Theory of generations

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Theory of generations (or sociology of generations) is a theory posed by Karl Mannheim in his 1923 essay, "The Problem of Generations."[1] This essay has been described as "the most systematic and fully developed" and even "the seminal theoretical treatment of generations as a sociological phenomenon".[2] According to Mannheim, people are significantly influenced by the socio-historical environment (in particular, notable events that involve them actively) of their youth; giving rise, on the basis of shared experience, to social cohorts that in their turn influence events that shape future generations.[2] Mannheim's theory, however, tends to center around Western ideas and lacks a broader cultural understanding. [3]


Mannheim defined a generation (note that some have suggested that the term cohort is more correct, to distinguish social generations from the kinship (family, blood-related) generations)[2] as a group of individuals of similar ages whose members have experienced a noteworthy historical event within a set period of time.[2][4]

According to Mannheim, social consciousness and perspective of youth reaching maturity in a particular time and place (what he termed "generational location") is significantly influenced by the major historical events of that era (thus becoming a "generation in actuality").[2][5] A key point, however, is that this major historical event has to occur, and has to involve the individuals in their young age (thus shaping their lives, as later experiences will tend to receive meaning from those early experiences); a mere chronological contemporaneity is not enough to produce a common generational consciousness.[2] Mannheim in fact stressed that not every generation will develop an original and distinctive consciousness.[2] Whether a generation succeeds in developing a distinctive consciousness is significantly dependent on the pace of social change ("tempo of change").[2]

Mannheim notes also that social change can occur gradually, without the need for major historical events, but those events are more likely to occur in times of accelerated social and cultural change.[2] Mannheim did also note that the members of a generation are internally stratified (by their location, culture, class, etc.), thus they may view different events from different angles and thus are not totally homogenous.[2][4] Even with the "generation in actuality", there may be differing forms of response to the particular historical situation, thus stratifying by a number of "generational units" (or "social generations").[2]


Mannheim's theory of generations has been applied to explain how important historical, cultural, and political events of the late 1950s and the early 1960s educated youth (of the Baby Boom Generation) of the inequalities in American society, such as their involvement along with other generations in the Civil Rights Movement, and have given rise to a belief that those inequalities need to be changed by individual and collective action.[5] This has pushed an influential minority of young people in the United States toward social movement activity.[5] On the other hand, the generation which came of age in the later part of the 1960s and 1970s was much less engaged in social movement activity, because - according to the theory of generations - the events of that era were more conducive to a political orientation stressing individual fulfillment instead of participation in such social movements questioning the status quo.[5] Social generation studies mainly focus on the youth experience from the perspective of the Western society. "Social generations theory lacks ample consideration of youth outside of the west. Increased empirical attention to non-Western cases corrects the tendency of youth studies to 'other' non-Western youth and provides a more in-depth understanding of the dynamics of reflexive life management."[6] The constraints and opportunities affecting a youth's experiences within particular sociopolitical contexts require research to be done in a wide array of spaces to better reflect the theory and its implications on youth's experiences. [3]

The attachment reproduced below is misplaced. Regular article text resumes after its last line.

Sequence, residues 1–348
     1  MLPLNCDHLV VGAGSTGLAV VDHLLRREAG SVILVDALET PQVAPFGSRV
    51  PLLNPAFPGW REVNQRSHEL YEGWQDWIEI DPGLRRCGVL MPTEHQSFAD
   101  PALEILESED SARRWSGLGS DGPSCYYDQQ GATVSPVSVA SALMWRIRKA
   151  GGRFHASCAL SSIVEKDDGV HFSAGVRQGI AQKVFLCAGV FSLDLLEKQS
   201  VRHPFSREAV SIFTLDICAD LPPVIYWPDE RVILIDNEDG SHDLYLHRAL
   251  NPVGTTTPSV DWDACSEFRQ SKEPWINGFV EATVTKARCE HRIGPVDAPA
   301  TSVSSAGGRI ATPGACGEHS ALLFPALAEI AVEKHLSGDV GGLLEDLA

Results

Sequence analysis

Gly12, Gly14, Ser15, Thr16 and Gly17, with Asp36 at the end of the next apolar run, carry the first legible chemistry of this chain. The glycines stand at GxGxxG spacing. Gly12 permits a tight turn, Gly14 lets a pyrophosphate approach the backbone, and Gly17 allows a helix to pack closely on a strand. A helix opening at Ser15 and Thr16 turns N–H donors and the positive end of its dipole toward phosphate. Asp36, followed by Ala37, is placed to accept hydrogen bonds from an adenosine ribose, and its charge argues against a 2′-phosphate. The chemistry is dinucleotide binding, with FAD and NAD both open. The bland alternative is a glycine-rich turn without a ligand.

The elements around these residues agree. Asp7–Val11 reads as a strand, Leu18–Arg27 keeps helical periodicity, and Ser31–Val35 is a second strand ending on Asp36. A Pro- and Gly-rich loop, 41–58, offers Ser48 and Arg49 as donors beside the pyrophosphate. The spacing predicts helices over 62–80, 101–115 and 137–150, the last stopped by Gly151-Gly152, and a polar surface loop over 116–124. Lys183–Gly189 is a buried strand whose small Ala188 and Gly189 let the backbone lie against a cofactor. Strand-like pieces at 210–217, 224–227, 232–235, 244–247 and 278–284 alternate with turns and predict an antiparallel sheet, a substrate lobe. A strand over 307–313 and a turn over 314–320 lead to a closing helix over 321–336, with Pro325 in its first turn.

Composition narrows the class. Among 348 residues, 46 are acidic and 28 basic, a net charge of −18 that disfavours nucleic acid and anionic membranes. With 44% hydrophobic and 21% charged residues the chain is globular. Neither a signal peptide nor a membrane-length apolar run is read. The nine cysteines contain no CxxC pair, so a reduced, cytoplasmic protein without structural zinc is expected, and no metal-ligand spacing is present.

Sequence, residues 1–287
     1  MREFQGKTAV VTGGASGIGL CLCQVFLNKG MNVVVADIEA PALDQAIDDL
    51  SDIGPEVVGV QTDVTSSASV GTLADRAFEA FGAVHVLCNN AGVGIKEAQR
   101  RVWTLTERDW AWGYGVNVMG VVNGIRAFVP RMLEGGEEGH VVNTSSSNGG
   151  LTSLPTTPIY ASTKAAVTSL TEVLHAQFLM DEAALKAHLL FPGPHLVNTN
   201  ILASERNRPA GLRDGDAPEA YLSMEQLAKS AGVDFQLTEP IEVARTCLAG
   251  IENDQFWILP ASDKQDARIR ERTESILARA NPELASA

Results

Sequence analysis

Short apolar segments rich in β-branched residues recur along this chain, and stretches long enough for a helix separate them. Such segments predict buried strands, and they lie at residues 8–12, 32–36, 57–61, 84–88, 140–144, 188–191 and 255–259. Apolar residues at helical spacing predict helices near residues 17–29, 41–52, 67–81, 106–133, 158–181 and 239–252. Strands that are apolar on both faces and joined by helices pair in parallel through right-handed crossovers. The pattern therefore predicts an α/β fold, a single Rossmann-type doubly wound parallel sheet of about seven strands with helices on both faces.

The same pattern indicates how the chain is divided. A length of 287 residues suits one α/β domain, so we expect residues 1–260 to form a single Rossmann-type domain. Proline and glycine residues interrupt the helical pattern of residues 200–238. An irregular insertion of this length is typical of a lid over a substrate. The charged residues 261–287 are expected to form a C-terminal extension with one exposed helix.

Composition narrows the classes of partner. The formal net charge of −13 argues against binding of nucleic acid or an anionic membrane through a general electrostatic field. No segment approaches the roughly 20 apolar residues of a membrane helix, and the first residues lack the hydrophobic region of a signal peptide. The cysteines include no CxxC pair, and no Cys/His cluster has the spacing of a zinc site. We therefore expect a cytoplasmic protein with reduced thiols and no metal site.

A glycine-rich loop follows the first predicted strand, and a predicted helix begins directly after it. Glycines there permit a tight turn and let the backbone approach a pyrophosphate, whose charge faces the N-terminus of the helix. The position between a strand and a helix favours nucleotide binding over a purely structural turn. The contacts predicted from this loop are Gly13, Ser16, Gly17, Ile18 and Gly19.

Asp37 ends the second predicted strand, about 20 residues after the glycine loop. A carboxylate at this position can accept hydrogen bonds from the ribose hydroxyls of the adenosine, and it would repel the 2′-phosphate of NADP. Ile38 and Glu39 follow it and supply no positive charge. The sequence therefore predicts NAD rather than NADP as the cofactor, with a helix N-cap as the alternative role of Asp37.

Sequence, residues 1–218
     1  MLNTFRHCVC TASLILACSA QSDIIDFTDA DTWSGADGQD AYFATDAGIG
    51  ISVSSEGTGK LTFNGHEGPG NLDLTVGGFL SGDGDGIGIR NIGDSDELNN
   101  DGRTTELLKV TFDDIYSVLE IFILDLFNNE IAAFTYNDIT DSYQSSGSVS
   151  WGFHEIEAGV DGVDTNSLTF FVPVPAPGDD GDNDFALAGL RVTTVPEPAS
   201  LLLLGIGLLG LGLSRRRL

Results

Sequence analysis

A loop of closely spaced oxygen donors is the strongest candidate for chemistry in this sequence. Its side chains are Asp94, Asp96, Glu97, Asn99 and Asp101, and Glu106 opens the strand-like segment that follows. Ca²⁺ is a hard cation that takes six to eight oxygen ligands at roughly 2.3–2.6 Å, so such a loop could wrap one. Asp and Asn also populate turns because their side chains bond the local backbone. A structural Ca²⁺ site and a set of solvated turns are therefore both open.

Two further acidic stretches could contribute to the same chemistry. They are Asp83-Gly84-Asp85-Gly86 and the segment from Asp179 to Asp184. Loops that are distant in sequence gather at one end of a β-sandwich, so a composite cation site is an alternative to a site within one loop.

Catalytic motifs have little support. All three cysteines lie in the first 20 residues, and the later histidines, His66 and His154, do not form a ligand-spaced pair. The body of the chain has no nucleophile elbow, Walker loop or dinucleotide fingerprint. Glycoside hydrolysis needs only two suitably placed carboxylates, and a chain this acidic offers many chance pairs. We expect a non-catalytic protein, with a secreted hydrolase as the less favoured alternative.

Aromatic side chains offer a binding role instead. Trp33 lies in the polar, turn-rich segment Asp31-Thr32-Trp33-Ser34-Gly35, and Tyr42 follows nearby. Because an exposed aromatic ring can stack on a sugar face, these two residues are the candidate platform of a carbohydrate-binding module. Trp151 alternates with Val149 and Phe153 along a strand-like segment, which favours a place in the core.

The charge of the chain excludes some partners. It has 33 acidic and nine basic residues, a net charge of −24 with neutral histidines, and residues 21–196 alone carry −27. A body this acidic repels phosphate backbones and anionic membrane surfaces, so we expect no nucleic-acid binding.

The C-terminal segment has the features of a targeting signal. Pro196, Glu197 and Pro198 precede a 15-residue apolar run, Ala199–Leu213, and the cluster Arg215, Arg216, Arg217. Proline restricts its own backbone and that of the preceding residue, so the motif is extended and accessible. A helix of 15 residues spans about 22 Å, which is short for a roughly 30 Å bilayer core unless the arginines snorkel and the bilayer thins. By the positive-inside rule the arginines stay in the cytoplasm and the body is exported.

See also[edit]


  1. ^ Mannheim, Karl (1952). "The Problem of Generations". In Kecskemeti, Paul. Essays on the Sociology of Knowledge: Collected Works, Volume 5. New York: Routledge. p. 276-322. 
  2. ^ a b c d e f g h i j k Jane Pilcher, Mannheim's sociology of generations: an undervalued legacy, 1993
  3. ^ a b Vandegrift, Darcie (2015-07-24). "'We don't have any limits': Russian young adult life narratives through a social generations lens". Journal of Youth Studies. 0 (0): 1–16. doi:10.1080/13676261.2015.1059930. ISSN 1367-6261. 
  4. ^ a b Bob Lively, Nazarene Baby Boomer’s in the 21st Century:Service and Self-fulfillment, Presented at ANSR 2002
  5. ^ a b c d Willis, John. Generations and Social Movements of the 60's and 70's. Revised version of a paper presented at Annual Meeting of the American Sociological Association (Chicago, Illinois, September 5–9, 1977)
  6. ^ Vandegrift, Darcie (2015-07-24). "'We don't have any limits': Russian young adult life narratives through a social generations lens". Journal of Youth Studies. 0 (0): 1–16. doi:10.1080/13676261.2015.1059930. ISSN 1367-6261.